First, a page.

One of my highlights was getting back into the early morning rises for swimming training.  (If you’ve been following along he’s on a quest to qualify for the CIF–Californian Interscholastic Federation–made up of private and public schools across California and his coach suggested it was not OK to take two weeks off swimming in the middle of the season). I was so happy to wake early and even more happy that his old school took him in to train with them without question, in face welcome him with open arms. There is nothing more glorious than the site of nearly 100 boys swimming sets when even the sun hasn’t bothered to get up yet.

An hour later we’re on our way to the American Embassy applying for new Visas for another couple of years in LA.

Why would you want to leave Australia I was often asked?  What a great question.  It made me think (and appreciate) …

10 things I love about living in Sydney

1.   Our Beach House (& the unspoilt beaches in general)

Ah yes, our beach house.  Who needs holidays were you have to spend hours on end researching the ins and outs of new destinations when your home away from home is on the white sands of Jervis Bay with uninterrupted views, crystal clear water and unspoiled beaches? It’s the simple things.

It doesn't get much more spectacular than this

It doesn’t get much more spectacular than this

2.   Boats & Water sports

One of our favourite things to do is to head down to “The Shire” to spend a day with our gorgeous friends wallowing away the day.  The kids get to do all things watersports: wake boarding, tubing & biscuiting, Jetskiing, swimming and paddling around and we get to top up our Champagne glass and feed the adventurers when they’re hungry.  Good old-fashioned fun all day.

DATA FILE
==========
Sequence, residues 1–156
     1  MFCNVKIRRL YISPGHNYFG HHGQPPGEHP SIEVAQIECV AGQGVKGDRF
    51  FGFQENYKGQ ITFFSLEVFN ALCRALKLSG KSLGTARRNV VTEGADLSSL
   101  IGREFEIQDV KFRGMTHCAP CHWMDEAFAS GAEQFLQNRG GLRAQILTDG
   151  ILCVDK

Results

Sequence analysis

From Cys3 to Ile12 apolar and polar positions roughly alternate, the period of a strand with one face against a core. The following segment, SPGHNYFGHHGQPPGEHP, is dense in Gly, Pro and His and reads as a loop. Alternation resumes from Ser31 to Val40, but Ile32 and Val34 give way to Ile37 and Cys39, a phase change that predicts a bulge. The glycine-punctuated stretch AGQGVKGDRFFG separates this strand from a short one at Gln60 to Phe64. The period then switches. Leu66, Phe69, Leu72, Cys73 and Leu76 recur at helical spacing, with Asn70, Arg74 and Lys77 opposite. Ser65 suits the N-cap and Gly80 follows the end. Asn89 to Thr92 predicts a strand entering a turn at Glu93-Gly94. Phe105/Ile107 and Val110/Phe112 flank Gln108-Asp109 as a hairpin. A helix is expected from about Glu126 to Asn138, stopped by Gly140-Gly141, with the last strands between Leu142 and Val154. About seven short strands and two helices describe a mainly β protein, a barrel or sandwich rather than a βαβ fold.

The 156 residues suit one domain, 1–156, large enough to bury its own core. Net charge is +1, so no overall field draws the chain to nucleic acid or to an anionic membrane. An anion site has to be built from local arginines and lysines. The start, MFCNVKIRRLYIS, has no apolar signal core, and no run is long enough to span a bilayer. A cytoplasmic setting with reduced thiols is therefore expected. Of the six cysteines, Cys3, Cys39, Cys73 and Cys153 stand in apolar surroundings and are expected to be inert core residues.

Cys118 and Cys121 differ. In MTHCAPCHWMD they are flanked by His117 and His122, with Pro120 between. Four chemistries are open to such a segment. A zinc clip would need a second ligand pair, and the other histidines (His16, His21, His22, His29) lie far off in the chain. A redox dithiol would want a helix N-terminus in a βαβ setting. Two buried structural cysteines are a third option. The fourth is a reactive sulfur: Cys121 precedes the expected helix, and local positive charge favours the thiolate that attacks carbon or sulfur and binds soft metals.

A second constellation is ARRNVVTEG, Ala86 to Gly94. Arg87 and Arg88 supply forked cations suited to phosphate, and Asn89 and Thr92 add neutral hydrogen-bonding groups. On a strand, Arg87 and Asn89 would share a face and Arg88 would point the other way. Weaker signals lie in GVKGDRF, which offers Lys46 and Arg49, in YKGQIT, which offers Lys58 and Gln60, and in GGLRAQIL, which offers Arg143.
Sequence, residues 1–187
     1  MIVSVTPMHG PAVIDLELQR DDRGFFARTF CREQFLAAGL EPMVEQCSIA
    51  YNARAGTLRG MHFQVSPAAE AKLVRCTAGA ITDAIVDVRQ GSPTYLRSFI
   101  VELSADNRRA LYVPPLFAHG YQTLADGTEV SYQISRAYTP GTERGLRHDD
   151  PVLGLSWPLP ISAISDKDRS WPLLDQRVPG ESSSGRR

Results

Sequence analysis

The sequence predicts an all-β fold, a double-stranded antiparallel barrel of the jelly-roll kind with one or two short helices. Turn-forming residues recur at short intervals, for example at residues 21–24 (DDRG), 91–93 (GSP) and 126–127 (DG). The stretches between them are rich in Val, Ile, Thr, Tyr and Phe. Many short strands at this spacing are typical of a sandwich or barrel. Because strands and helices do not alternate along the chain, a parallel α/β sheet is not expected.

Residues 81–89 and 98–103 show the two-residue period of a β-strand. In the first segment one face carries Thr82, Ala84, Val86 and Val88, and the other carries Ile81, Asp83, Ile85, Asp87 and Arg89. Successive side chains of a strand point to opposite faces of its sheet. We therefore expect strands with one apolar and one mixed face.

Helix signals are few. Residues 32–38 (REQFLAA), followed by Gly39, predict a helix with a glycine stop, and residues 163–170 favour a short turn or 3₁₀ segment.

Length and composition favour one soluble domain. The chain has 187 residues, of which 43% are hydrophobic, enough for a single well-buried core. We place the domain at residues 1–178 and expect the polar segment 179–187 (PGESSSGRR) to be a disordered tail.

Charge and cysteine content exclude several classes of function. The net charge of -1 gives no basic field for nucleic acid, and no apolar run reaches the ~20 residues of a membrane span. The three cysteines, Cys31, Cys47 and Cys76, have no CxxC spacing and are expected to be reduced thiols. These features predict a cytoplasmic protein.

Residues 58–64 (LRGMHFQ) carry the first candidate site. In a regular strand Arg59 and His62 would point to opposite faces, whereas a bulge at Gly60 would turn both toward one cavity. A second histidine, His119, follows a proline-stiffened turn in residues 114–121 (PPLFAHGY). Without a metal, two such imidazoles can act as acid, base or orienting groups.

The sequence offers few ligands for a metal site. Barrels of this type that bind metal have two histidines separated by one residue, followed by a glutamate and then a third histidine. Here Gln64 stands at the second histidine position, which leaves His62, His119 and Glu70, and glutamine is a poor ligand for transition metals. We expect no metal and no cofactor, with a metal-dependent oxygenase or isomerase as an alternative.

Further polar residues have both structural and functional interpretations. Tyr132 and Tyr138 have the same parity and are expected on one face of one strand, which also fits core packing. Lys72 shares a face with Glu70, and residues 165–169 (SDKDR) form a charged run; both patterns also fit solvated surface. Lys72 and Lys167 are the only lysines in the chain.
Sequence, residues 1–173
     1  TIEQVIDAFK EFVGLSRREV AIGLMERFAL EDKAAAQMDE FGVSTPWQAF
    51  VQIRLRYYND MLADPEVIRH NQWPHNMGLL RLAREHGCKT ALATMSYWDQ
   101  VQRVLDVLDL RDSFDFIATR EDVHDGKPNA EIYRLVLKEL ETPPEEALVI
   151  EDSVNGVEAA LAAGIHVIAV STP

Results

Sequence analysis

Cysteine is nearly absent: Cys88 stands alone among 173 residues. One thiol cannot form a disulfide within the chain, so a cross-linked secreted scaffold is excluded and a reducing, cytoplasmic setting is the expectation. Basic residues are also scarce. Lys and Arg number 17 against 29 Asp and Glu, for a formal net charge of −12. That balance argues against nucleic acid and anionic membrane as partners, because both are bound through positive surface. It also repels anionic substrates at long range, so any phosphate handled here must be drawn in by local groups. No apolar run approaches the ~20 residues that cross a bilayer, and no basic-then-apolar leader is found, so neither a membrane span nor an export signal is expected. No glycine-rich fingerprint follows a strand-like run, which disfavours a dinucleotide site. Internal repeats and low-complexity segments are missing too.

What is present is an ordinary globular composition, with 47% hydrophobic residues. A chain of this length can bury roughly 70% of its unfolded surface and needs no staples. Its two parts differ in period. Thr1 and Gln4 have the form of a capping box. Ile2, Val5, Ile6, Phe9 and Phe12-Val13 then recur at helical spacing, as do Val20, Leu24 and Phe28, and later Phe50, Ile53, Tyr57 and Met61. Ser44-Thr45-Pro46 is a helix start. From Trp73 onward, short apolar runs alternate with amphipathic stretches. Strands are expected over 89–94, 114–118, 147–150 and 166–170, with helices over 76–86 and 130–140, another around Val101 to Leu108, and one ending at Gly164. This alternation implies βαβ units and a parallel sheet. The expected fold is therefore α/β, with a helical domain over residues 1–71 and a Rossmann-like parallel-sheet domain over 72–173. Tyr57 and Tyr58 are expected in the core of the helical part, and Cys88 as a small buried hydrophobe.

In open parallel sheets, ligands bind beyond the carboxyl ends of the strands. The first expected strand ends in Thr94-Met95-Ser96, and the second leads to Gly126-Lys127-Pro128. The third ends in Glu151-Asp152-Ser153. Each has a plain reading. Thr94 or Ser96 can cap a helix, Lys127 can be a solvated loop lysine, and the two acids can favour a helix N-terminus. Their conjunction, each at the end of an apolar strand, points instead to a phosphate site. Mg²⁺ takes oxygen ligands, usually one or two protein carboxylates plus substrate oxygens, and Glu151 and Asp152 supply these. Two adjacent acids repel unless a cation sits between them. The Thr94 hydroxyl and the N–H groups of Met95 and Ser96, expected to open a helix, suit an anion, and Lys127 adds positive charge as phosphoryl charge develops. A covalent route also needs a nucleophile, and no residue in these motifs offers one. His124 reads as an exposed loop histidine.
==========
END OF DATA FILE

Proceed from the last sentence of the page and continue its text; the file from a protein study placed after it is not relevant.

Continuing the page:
Doesn't get much more fun than this for the kids--and the grown-ups

Doesn’t get much more fun than this for the kids–and the grown-ups

And we can repeat it all again at the Beach House all summer long.

Ahhh the things we took for granted.

3.   Saturday Sport

Yep, seriously.  I never really whinged about Saturday sport: I loved getting up to watch my kids play and participate week after week for their school.  I also loved meeting and catching up with other parents.  So long as we have a coffee in hand (and a good BBQ complete with egg & bacon rolls) Saturday sport is a gift we give our kids.  And everyone knows where they stand: ‘no show’ means immediate detention and if you can’t commit then you’re presence isn’t required at the school.  That’s what you sign up for and besides, there’s nothing more important than teamwork, representing your school and good sportsmanship.

4.   Australian private school and the attitude to educating kids

When the Principal at my kids school here in LA said in reference to changing the girls uniform because they were sick of the short skirts–and they were short: